NEW THINKING ON RESTRICTING PEANUTS
WHEN my husband and I had our first child seven years ago, the prevailing wisdom was that babies at risk of allergies should avoid peanuts or peanut products until age 3 or older. The idea behind this restriction – based on American Academy of Pediatrics (AAP) guidelines released in 2000 – was that feeding peanuts too early to little ones might risk severe, possibly life-threatening allergic reactions.
Over the years that thinking has done a 180. Now, scientists believe the exact opposite: Giving your baby peanuts earlier rather than later might prevent them from developing an allergy.
While many doctors and medical groups have come out over the past year to endorse this view, there has been a lot of confusion about which kids could benefit from early exposure, the optimal timing of the exposure, and how exactly one should feed peanuts (which, after all, are a choking hazard in their raw form) to babies.
The National Institute of Allergy and Infectious Diseases (NIAID) has released formal, detailed guidelines for pediatricians and allergists.
The document, published in six medical journals, includes three separate sets of recommendations based on the level of risk an infant has for developing a peanut allergy. Those at highest risk are defined as babies with severe eczema or egg allergy or both. Those in the middle group have mild-to-moderate eczema. And those in the lowest-risk group have no eczema or food allergies.
The guidelines come at a terrifying time for new parents in terms of allergies. The number of American children with nut allergies has quadrupled in the past 13 years, and peanut allergies are now estimated to affect 2% of them. Most schools now ban foods with peanuts, and manufacturers are required to label whether food contains peanuts or was manufactured in a facility that processes them.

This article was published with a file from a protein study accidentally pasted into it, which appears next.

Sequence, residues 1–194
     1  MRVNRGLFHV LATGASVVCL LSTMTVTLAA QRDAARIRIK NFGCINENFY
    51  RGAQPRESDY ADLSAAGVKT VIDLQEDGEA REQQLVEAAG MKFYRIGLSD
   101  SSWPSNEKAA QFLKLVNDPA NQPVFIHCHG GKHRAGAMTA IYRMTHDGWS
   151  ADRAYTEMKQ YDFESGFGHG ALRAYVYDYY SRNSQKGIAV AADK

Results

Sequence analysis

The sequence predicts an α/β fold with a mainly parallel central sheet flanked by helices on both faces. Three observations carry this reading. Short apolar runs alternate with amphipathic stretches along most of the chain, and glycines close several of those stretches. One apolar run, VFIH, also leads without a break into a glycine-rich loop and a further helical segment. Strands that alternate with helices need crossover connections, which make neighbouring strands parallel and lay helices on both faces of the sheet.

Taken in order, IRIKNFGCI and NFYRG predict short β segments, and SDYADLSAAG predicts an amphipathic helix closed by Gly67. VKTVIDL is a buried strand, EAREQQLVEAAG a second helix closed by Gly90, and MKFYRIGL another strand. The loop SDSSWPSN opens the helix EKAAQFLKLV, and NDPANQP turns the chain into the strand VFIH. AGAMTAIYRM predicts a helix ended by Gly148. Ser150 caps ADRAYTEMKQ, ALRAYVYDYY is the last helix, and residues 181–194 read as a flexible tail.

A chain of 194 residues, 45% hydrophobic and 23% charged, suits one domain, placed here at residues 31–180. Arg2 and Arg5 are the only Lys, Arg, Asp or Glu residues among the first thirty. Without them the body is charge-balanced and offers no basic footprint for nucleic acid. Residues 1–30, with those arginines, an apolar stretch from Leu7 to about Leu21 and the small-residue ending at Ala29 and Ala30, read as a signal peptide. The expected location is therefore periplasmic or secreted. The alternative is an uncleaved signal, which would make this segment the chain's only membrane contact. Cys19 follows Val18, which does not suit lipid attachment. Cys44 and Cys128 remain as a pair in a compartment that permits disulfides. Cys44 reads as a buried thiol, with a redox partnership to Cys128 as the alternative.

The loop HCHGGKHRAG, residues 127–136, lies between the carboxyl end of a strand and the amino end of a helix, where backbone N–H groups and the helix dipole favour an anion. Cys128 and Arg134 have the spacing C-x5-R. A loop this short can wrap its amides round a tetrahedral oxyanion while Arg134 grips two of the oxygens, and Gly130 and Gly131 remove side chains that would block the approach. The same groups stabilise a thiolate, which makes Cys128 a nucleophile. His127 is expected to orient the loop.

The soaring price of EpiPens, used to treat a severe allergic reaction, has become a hot political topic.
Anthony S Fauci, NIAID director, said the new thinking on peanut exposure grew out of observations of Israeli children in Israel versus Israeli children in Britain. In the former, he said, parents as part of their culture often give various types of peanut preparations such as paste or nuggets in the very earliest days of a child’s life. Scientists noted that the incidence of peanut allergies in Israeli children in Israel is lower than in Israeli children in Britain and wondered whether the two things could be related.
That theory was put to a test in the much-praised Learning Early About Peanut Allergy (LEAP) study, a randomised trial led by Gideon Lack of King’s College London involving 640 infants considered at high risk of developing peanut allergies. The results, published in 2015 in the New England Journal of Medicine, showed that children at high risk who regularly consumed peanuts as infants had an 81% lower chance of developing a peanut allergy by age 5.
Fauci called the results “very striking” and estimated the guidelines could prevent thousands of children from developing peanut allergies. – The Washington Post
Study shows that children who regularly consumed peanuts as infants had an 81% lower chance of developing a peanut allergy by age 5.